Domestic Homeland Security Threats Discussed during Part 2 of EEP Webinar

While international terrorism remains a potential threat to the U.S. homeland more than two decades after 9/11, our nation is also facing a series of domestic homeland security challenges ranging from right-wing and left-wing extremists including those with foreign ties, and cyber-attacks aimed at fomenting and exacerbating political divisions, among other concerns. 

Those were some of the takeaways from the second of a two-part Center for Homeland Defense and Security Executive Education Program webinar, entitled “America’s Evolving Homeland Security Threats—At Home and Abroad,” conducted on Thursday, March 24. 

Dr. Seth Jones (left) and Mike Walker (right)

Moderated by CHDS subject matter expert Mike Walker, the former Assistant Secretary of the Army and former FEMA Deputy Director, and featuring CHDS instructor and international security expert Dr. Seth Jones, the second part of the webinar was entitled “A Nation Divided” and focused on America’s domestic threats, including what they are, whether they’re connected to international threats, and how homeland security professionals can continue to do their jobs in a hyper-polarized environment. 

The first part of the webinar, entitled “A World Divided,” was held on March 16 and focused on the international landscape and geopolitical threats to democracy that will shape the 21st century for homeland security leaders, including the Russian invasion of Ukraine, as well as an emboldened China. Both EEP webinar sessions were recorded and are available on the CHDS website.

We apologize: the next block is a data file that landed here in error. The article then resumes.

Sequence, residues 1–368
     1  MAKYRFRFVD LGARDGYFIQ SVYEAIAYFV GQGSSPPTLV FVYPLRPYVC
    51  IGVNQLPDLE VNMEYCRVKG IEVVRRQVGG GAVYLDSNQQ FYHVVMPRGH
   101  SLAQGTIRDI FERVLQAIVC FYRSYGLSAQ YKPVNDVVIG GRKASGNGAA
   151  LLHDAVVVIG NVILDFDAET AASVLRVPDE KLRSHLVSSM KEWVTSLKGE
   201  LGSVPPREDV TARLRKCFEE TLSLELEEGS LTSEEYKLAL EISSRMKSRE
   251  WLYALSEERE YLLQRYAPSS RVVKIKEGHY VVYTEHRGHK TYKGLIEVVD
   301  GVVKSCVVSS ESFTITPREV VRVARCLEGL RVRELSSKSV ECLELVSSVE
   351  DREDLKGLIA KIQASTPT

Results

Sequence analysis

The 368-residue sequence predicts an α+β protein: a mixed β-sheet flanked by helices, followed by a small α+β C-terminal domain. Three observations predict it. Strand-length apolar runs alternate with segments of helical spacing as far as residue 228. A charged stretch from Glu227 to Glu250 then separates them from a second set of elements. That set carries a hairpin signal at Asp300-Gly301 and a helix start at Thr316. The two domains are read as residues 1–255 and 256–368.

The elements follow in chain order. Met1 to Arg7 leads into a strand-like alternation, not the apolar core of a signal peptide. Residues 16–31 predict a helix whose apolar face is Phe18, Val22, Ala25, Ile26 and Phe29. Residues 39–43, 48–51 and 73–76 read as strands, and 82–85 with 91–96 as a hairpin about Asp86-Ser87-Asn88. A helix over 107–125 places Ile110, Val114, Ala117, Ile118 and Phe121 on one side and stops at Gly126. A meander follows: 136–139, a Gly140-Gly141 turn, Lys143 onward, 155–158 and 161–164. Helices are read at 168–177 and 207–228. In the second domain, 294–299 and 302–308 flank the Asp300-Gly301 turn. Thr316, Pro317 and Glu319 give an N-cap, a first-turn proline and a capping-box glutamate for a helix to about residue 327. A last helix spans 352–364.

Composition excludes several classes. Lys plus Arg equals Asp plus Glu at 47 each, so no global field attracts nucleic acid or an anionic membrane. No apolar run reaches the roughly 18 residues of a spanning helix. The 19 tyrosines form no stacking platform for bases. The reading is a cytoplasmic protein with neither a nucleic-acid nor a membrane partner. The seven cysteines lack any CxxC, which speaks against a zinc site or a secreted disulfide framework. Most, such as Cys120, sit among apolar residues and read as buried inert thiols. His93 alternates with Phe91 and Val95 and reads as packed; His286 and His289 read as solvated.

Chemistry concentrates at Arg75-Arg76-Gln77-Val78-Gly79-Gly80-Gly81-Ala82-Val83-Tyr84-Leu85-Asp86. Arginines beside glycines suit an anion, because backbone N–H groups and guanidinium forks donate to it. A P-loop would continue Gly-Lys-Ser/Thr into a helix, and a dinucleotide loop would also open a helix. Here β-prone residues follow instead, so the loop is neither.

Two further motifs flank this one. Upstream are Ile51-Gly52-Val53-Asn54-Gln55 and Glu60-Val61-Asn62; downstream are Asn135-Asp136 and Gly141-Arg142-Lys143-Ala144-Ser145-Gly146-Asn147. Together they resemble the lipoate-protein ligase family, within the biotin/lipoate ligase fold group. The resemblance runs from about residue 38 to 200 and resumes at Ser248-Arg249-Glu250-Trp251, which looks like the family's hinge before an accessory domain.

Kicking off the webinar’s second session, Walker asked Jones, the Center for Strategic and International Studies Senior Vice President and Director of the International Security Program, about the status of the violent jihadist threat from overseas that was widely regarded as “existential” in the wake of the 9/11 attacks. Walker noted that while the jihadists didn’t turn out to pose an existential threat, they are still actively operating around the globe, expanding their ranks and averaging 10 attacks per day in various regions, despite the U.S and its allies devastating the leadership of organizations including Al Qaeda and ISIS. 

ISIS-K fighters, September 2020

Jones said the violent jihadist threat is “still a concern” for the U.S. He noted that jihadist groups are still active from Africa and the Middle East to Asia, with the takeover of Afghanistan by the Taliban with close ties to even a recently less active Al Qaeda, including the “doubling” of Al Qaeda fighters in the country since the U.S. withdrawal, is a particular concern given the potential for the establishment of training camps in the vast and untamed nation. He stated that while U.S. officials have claimed “over-the-horizon” capabilities to strike targets in Afghanistan he is not aware of any such attack since the “cataclysmic” U.S. drone strike that killed an aid worker and several children last year, noting that a top U.S. commander in the region said we’re “essentially flying blind” in the area. 

At the same time, Jones said domestic attacks in the U.S. are considered to be “unlikely” given domestic security improvements and the success of U.S. operations to take out jihadist leaders such as ISIS caliph Abu Bakr al-Baghdadi and his successor.